What a fantastic tradition! I’m 20 days postpartum and wish I could have a break from the housework! Although I think I’d go crazy having 40 days stuck in the house #KCACOLS

    Liked by 1 person

  6. Shushu says:

    Mashaallah it’s beautiful to follow our beautiful culture. I just had my second baby. I really appreciate that my mommy still follows our beautiful culture sweetly. I had my afartan baax twice thank God for our beautiful families and friends taking care of us in this 40 postpartum. Alhamdulillah may Allah protect them.
    😘❤️❤️❤️😍🇸🇴🇸🇴🇸🇴🇸🇴

    Liked by 1 person

    • Samsam - Simply A Mama says:

      Masha’Allah sis, congratulations on your second baby. You’re so lucky to be able to celebrate it with both of your children. Our culture is truly beautiful when we learn it, the more I find out about it the more I fall in love with it.
      May Allah protect your family and loved ones. Thank you so much for reading my post and commenting 🙂

      Like

  7. Ayan Abdulle says:

    Masha-Allah such an amazing tradition we have. I am so glad you had your family and friends there to help you with everything. As for my afartaan bax my husban did everything for me, he cooked, and took care of our three other kids alxamdulilAllah he also took our new born to his check up’s i didnt get out of the house for 40 days alxamdulilAllah i am so blessed to him wallahi.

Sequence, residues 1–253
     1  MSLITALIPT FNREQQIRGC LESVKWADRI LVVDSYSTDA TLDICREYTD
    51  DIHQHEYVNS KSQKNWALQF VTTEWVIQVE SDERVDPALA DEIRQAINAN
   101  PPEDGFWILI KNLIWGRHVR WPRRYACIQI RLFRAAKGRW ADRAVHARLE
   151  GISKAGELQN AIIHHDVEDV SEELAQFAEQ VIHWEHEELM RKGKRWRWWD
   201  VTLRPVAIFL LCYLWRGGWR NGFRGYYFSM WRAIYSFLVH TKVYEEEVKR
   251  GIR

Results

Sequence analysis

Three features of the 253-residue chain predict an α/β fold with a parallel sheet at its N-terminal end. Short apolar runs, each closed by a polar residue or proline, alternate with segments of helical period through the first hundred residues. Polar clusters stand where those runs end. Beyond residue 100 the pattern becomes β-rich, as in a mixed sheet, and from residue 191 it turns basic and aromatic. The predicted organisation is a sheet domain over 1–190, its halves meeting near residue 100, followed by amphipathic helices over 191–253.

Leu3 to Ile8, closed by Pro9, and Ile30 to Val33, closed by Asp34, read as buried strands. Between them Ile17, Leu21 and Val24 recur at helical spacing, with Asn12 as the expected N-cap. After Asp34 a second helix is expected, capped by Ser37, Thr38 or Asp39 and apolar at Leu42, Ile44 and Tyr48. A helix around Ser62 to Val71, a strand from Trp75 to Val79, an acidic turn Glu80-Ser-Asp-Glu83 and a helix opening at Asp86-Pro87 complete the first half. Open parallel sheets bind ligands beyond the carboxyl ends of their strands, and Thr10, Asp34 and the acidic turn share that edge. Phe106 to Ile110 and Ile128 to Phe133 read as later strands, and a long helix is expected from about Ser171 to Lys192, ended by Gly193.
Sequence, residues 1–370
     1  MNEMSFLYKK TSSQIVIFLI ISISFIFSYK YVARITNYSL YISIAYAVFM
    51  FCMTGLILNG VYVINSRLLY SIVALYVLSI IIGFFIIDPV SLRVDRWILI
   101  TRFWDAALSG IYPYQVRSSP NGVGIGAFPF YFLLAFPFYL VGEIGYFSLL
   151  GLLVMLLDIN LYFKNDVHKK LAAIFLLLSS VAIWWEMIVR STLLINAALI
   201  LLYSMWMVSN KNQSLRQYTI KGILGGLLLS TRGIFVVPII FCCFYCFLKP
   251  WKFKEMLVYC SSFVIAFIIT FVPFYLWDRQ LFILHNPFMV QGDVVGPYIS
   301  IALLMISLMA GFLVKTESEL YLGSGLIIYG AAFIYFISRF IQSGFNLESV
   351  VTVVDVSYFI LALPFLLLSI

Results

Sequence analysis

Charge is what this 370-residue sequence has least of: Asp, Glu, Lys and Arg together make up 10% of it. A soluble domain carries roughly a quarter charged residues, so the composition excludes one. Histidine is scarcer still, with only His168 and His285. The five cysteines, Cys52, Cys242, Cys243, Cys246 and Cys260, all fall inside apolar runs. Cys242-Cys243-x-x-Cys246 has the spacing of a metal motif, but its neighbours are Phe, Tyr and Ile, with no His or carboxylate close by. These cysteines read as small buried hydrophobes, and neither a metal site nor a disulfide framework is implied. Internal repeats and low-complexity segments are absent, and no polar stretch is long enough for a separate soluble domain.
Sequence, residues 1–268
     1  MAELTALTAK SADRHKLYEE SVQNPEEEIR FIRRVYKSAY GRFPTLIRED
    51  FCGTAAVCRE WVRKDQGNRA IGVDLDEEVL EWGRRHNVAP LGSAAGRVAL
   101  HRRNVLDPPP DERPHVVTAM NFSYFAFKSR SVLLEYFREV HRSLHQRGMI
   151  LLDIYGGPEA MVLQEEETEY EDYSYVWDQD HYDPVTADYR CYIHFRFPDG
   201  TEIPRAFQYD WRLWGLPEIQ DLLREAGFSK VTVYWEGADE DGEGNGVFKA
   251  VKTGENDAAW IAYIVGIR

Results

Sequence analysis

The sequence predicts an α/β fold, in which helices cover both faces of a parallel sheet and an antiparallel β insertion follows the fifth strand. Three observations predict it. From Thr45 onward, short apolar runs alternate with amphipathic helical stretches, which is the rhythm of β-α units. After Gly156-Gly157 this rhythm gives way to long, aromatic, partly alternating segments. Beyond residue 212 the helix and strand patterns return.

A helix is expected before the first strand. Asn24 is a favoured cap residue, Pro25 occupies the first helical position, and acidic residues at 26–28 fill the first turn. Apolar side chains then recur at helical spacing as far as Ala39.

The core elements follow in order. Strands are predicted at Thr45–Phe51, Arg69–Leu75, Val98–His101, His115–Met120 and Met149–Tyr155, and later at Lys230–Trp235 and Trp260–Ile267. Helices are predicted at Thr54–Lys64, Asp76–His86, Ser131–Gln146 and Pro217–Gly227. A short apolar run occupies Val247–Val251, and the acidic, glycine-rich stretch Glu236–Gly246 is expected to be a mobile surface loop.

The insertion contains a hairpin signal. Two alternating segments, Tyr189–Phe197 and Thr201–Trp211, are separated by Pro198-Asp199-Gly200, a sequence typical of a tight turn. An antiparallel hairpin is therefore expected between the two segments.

Liked by 1 person

    • Samsam - Simply A Mama says:

      Wow Masha’Allah sweetheart, your husband did a great job mine can’t cook to save his life, hahaha but he always helps me with the other things. You’re truly blessed that you were able to enjoy those 40 days and follow this incredible tradition.It is really important to have support when you give birth. May Allah bless you and your family. Thank you so much for visiting my blog and commenting

      Like

  8. Zia Subhan says:

    MashaAllah, I always love your blog post. I’m so exited to learn about other cultures. It’s such an amazing tradition. I’m lucky to know you, building friendship by the blogsphere is something priceless for me.

    May Allah Allah bless you and your family as well.

    :*

    Liked by 1 person

    • Samsam - Simply A Mama says:

      Hi Sarah, I know what you mean most people don’t have the luxury of time to just stay at home with the baby and be catered for with this busy lives we all lead.
      Thank you so much for reading my post and commenting. It means a lot to me.

      Like

  9. Emma says:

    what a fab write up and snippet into a culture and way of life that I literally know nothing about. 40 days to bond and just be with your baby – sounds fantastic. I felt like there was too much pressure to be up and about and getting on with things straight away. I felt that if I was sitting around with my son, I was being lazy or not using my time well. I put way too much pressure on myself. if I had another, I think ill be taking 40 days too! #KCACOLS

    Liked by 1 person

  10. Kim says: